SUSPICIOUS MAIL and PACKAGES
What should you look for
Below are several
characteristics that the United States Postal Service has identified of
suspicious envelopes and packages. Pictured are letters sent to
Tom Brokaw, NBC News and Senator Tom Daschle. Both letters
tested positive for the anthrax bacteria.
ANTHRAX ATTACKS SHORTLY AFTER 9/11
BELOW ARE A FEW EXAMPLES OF SUSPICIOUS LABELING TO BE AWARE OF.
If you receive a suspicious package or
envelope (with any of the above characteristics), take the
- Do not panic.
- Do not try to open it.
- Isolate the package or envelope.
An envelope can be placed in a plastic container and closed
tightly. Do not carry the envelope or package into other
areas since this could risk possible exposure to others.
- Do not shake or empty the contents of any suspicious package.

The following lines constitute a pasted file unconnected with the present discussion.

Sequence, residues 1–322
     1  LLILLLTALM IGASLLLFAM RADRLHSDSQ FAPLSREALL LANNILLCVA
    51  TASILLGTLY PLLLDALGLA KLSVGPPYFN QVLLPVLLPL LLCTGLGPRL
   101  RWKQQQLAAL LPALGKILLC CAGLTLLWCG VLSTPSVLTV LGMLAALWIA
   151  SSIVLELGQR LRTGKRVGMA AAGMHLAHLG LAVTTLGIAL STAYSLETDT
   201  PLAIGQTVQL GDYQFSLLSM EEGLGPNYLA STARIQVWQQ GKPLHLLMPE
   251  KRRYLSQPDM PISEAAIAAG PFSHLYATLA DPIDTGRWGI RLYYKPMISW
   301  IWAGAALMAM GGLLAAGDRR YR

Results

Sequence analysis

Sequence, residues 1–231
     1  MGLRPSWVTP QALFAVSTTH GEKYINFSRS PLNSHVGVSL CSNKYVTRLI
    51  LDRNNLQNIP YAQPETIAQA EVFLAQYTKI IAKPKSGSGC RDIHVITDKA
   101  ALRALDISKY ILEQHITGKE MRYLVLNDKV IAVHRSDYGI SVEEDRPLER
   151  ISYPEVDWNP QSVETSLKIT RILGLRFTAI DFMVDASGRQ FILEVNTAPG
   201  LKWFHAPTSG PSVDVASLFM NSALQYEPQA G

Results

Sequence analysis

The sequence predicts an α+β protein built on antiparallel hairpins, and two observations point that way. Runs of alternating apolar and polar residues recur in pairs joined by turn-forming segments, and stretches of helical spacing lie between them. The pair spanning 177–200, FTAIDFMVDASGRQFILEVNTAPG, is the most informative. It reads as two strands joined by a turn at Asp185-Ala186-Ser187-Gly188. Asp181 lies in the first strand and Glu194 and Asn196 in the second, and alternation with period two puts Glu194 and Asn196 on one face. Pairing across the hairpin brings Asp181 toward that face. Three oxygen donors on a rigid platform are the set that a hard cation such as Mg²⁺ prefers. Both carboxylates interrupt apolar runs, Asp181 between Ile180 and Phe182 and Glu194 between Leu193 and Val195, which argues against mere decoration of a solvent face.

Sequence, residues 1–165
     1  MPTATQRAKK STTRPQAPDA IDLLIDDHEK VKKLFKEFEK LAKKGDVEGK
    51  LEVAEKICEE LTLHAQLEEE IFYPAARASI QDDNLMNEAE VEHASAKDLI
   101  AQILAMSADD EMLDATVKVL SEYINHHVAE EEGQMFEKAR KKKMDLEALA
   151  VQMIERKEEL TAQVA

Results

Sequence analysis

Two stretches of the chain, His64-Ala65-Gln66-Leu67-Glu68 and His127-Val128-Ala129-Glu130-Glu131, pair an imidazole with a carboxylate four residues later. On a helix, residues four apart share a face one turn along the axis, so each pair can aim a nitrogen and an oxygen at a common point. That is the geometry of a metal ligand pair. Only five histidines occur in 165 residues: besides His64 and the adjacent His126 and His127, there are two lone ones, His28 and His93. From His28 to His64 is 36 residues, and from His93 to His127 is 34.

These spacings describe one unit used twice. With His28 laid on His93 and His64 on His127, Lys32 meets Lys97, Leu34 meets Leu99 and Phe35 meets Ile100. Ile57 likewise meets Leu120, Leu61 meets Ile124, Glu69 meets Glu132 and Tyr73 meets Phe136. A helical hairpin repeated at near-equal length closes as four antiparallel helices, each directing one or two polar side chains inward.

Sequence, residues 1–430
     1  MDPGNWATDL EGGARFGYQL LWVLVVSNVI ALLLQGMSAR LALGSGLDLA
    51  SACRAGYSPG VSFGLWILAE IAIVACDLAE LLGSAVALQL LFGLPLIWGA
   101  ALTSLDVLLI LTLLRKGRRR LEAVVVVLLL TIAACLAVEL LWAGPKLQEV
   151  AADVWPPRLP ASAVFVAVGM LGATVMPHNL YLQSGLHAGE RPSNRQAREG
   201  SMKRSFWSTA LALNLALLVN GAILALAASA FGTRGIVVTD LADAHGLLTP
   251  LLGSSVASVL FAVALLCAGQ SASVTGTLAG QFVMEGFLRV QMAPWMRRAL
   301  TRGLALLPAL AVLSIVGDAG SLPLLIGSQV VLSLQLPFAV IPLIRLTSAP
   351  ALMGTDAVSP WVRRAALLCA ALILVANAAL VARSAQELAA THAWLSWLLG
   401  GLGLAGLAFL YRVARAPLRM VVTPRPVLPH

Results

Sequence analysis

- Evacuate the immediate area and close any doors leading into it.
- Do not touch your face or eyes and wash your hands with soap and water as soon as possible.
- If you feel that you may have
inhaled a dangerous substance, cough or blow your nose into a
tissue to minimize your risk of exposure.
- If possible, turn of local fans
or ventilation units in the area, and shut down the
building's air handling systems.
- If possible list all the people
who were in the room or area. This
will be useful for both local public health authorities for
medical follow-up, and law enforcement officials for further
If you receive a suspicious mail at your workplace at UTMB, contact Campus Police at ext. 21111.
If the package
contains a powder or other unusual substance, also call
Environmental Health and Safety Services at ext.
If you receive a suspicious package at home or an off-campus location, call 911 to report it.